Josh Hawley, a United States Senator from Missouri, recently announced plans to introduce a bill titled “The Protecting Children from Abusive Games Act.” The bill would, in essence, make it illegal for games “played by minors” to include loot boxes or pay-to-win microtransactions.
How exactly the bill would achieve this is unclear as there is currently no draft of the bill, but only a bill outline (available here). The outline of the bill suggests that the game’s subject matter, visual content, and other indicators would be the determining factors when reviewing games to see if they are targeted to minors. These game characteristics are similar to those used to determine the applicability of the Children’s Online Privacy Protection Act (“COPPA”).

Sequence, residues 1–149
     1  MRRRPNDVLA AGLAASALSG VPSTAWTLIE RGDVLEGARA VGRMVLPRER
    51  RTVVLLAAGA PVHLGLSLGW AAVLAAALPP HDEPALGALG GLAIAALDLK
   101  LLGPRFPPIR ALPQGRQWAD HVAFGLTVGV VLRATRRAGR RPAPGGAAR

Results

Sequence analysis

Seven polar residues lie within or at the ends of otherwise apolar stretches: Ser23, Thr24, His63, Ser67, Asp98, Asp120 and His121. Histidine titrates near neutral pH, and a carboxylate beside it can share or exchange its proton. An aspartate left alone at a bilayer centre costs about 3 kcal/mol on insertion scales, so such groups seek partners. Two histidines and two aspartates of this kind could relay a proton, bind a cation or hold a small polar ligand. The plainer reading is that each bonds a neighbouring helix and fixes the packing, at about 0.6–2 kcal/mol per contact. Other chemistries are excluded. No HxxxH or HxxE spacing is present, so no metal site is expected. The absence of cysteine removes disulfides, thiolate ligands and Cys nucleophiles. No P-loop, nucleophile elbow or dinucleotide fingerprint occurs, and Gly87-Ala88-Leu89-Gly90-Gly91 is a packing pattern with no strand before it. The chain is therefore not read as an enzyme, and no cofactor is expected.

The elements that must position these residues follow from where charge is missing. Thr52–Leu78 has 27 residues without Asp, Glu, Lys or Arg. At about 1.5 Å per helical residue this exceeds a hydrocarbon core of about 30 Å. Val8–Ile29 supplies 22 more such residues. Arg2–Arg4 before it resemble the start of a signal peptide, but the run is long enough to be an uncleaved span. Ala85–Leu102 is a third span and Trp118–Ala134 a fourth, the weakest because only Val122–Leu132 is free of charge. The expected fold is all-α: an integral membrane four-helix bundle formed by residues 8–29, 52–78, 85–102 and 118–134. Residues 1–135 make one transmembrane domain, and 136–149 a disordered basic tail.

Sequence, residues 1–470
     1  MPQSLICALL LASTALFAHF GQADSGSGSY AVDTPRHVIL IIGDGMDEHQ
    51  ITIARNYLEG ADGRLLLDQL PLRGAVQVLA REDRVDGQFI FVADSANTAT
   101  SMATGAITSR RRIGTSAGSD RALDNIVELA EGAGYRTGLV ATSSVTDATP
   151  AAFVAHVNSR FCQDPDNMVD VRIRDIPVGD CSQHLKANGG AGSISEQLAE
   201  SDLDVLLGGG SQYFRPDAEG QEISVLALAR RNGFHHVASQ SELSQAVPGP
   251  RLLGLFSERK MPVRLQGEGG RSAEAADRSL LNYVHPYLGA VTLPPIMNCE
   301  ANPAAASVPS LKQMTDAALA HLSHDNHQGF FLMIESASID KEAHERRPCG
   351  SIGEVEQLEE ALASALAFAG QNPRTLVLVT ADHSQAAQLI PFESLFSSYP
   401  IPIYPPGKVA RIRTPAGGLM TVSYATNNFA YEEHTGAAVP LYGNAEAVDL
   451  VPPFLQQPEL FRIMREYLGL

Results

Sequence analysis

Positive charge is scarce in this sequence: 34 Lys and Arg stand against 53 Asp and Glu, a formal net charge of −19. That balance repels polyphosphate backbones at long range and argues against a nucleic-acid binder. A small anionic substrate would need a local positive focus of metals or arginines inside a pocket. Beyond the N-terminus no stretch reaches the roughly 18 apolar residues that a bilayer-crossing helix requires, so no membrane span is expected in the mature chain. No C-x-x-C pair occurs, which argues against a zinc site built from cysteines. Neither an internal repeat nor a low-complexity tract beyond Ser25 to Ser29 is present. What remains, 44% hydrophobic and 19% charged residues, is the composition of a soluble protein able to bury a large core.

In such games, the bill would prohibit microtransactions, which offer randomized or partially randomized rewards to players. Moreover, the bill would outlaw “pay-to-win” game designs, including both:
1. spending money on microtransactions to advance through game content that is otherwise available for no additional cost; and
2. manipulating the balance in competitive multiplayer games to give players who purchase additional microtransactions a competitive advantage over other players who do not pay the additional fees.
Pursuant to the bill outline, the Federal Trade Commission would enforce these rules which would treat the distribution of such games by publishers and online distributors as an unfair trade practice. State attorneys general would also be authorized to file suit against companies to defend the residents of their states.
If ultimately enacted, it would be the first law in the U.S. to specifically regulate the use of loot boxes and microtransactions in games. Should you have questions regarding loot boxes or this proposed legislation, please contact authors Karl Rutledge at email@example.com, Glenn Light at firstname.lastname@example.org, or Mary Tran at email@example.com.